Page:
Thursday and Friday were the first two days of my placement as a primary school teacher in Miale School. Andrew from California is also a new volunteer who will be here for one month and he is the other person who will work at Miale School. We have to take a Dala-Dala for about 10 minutes and then walk uphill for another 40 minutes to find the school. Miale school teaches children aged 2 to 15 years old and each class represents a different age. Andrew and I will soon be given a timetable of the different classes we will get to teach, but on the first couple days we were placed in random classes to get a taste of the school. I was placed in the baby class, of ages 2-3. The kids are THE MOST ADORABLE THINGS EVER. They are all so beautiful and smiley and want to look at me, touch me and talk to me. They love giving high-fives and are all interested in my thin, straight hair, my arm hairs and my watch. Everything seems to amaze them. They make me so happy but it can be frustrating to teach such young children because we spend one lesson just learning how to write the letter 2 or say the word blue. It is testing my patience and I am enjoying it, but I hope to get older children next week so that I can be more mentally stimulated.
This weekend was my first trip away! A massive group of us, including almost all of the new volunteers and two older ones, went on a bus trip to an area called Moshi. We spent Saturday travelling on a bumpy road to the town where we ate at a local restaurant and go to see some touristy sights. Our tour guide, Michael, told us quite a bit of Tanzanian history and took us to the base of Mount Kilimanjaro where we got to learn about the different kind of routes you can take. The record for the shortest trip up and down Kilimanjaro is 5 and a half hours. Regular trips up and down the mountain can take 5 to 10 days. The next stop of our trip was to a coffee plantation where we got to see how coffee is made. We watched how the coffee bean is roasted, and we each tried one freshly roasted coffee bean. After that, it was time to grind the coffee! We used a stick and pounded into the coffee beans to the beat of a song that we all sang together for a while. We can’t get it out of our heads now.
We then got taken to a place where we had a steep 10 minute hike to the Materuni Waterfall. We spent a while there, appreciating the beautiful sights, taking photos and some people were brave enough to swim in the river (although I wasn’t). We then got taken to an underground cave where we got to see how one of the tribes used to live to hide from their enemies. It was very hard to walk in but cool to see how intricately they made their cave, even though we got frightened by bats. For the last part of our trip on Saturday, we got to try local beer and wine made from bananas. I could only take sip of each before gagging and not wanting to have any more. I was amazed to see the other volunteers drinking one or two bottles of the stuff, despite the fact that they didn’t like the taste.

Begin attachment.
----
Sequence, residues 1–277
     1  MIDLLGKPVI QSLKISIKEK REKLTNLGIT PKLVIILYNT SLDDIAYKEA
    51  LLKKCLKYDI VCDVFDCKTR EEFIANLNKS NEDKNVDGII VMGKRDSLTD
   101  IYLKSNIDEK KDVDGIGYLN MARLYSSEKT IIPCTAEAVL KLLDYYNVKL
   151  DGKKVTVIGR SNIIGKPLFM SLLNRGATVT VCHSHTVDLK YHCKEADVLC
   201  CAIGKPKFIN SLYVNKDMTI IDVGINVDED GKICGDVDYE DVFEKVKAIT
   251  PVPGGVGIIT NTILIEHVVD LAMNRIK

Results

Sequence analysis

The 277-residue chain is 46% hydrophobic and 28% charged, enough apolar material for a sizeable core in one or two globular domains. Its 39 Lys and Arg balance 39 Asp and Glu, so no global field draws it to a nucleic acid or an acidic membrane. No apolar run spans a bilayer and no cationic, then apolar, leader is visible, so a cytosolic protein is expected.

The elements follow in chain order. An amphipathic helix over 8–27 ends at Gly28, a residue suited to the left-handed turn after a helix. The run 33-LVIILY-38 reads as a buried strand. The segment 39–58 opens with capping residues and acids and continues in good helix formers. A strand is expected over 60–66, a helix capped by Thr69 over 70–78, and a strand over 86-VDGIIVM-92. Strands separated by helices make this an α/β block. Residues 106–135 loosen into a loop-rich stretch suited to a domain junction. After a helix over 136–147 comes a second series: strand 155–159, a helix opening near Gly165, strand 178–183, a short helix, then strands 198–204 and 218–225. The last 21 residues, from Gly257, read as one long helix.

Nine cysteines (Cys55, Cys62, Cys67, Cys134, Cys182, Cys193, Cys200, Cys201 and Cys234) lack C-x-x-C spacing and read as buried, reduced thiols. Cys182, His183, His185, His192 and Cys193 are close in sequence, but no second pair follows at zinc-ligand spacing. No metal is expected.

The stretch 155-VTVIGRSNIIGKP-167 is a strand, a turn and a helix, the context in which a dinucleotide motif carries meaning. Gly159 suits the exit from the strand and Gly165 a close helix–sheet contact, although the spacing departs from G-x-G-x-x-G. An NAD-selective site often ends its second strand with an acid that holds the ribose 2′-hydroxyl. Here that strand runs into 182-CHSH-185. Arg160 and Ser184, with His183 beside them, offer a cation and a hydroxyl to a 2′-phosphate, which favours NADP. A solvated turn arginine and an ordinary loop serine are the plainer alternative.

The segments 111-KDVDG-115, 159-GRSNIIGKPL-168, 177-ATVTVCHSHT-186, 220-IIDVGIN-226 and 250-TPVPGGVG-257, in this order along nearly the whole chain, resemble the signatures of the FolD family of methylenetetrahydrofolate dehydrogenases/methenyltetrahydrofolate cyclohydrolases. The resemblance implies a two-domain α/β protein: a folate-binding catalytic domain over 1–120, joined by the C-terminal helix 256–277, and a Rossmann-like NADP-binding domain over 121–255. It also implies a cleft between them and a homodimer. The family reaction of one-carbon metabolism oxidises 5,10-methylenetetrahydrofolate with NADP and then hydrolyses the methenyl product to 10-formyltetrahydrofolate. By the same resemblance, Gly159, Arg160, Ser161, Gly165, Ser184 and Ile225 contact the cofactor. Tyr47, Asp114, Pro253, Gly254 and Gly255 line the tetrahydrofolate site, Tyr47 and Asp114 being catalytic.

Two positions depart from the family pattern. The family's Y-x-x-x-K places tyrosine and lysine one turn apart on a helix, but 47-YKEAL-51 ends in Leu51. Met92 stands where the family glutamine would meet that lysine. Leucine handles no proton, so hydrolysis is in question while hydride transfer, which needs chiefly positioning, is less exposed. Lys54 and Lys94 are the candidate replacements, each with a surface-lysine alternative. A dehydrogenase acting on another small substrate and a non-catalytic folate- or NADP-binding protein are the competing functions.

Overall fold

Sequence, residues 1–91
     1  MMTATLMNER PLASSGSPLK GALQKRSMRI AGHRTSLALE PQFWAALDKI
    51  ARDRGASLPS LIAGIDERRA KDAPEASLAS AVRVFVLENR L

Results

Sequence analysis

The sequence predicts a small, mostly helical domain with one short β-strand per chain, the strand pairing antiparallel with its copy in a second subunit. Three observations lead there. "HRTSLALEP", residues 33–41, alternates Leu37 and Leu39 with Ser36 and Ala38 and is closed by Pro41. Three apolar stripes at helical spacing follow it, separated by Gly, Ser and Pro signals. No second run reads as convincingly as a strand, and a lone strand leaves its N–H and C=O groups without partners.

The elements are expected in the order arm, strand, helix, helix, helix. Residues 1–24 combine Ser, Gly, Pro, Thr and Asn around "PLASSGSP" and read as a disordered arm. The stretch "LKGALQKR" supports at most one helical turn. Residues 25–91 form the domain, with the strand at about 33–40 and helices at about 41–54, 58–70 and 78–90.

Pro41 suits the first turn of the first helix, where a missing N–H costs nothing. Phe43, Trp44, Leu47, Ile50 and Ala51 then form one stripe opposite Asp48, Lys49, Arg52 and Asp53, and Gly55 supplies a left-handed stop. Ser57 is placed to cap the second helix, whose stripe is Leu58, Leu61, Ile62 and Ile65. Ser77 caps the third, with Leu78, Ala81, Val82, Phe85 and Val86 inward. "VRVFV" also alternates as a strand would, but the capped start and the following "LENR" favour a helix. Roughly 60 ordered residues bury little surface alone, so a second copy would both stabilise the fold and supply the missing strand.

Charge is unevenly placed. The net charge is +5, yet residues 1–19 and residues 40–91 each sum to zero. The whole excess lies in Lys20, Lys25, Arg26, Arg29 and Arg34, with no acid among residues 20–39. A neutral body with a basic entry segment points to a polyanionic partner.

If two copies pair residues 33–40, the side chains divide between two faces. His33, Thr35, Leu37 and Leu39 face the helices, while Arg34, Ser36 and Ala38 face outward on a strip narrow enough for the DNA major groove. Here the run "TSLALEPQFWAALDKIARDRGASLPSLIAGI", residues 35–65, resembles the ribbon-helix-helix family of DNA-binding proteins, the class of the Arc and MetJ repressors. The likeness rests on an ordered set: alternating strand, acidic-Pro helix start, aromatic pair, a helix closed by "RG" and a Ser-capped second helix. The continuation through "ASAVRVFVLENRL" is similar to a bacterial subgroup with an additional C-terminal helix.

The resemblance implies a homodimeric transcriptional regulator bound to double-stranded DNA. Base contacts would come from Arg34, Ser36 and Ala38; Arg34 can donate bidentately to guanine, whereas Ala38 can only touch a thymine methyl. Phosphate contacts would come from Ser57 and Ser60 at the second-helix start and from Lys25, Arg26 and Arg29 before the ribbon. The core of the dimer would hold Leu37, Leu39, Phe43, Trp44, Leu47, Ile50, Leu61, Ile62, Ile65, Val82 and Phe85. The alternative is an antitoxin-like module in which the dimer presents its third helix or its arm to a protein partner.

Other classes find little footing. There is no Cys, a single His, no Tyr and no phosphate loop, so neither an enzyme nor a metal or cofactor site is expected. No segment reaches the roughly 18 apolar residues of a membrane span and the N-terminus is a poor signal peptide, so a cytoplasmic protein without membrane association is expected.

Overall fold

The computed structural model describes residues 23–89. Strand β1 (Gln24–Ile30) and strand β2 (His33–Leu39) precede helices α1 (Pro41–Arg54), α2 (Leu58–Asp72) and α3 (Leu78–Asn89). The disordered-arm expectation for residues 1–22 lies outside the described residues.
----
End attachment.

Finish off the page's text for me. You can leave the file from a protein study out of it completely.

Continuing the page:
Today (or Sunday) was our final day of the Moshi tour. We were taken to the Kikuletwa hot springs which was the most beautiful springs I have ever seen in my life. The water was clear blue and surrounded by greenery. There was a rope to swing on and jump into the water, and so local Tanzanian men were showing off their acrobatic skills. I took a swing and jump into the water and was pleasantly surprised by how nice the temperature was. They aren’t technically “hot” springs but they feel lukewarm or a nice cool temperature. We spent a few hours swimming and enjoying how beautiful the place was.
As I type this I am relaxing in my new home, Twiga House. It’s so relaxing and peaceful here. The people are so lovely and I am quickly making lots of friends. I cannot wait for the weeks to come, because I know this place can only get even better.
I hope to catch up with you soon and tell you more about everything! I’ll be posting some more photos on Facebook soon as well.
Until next time,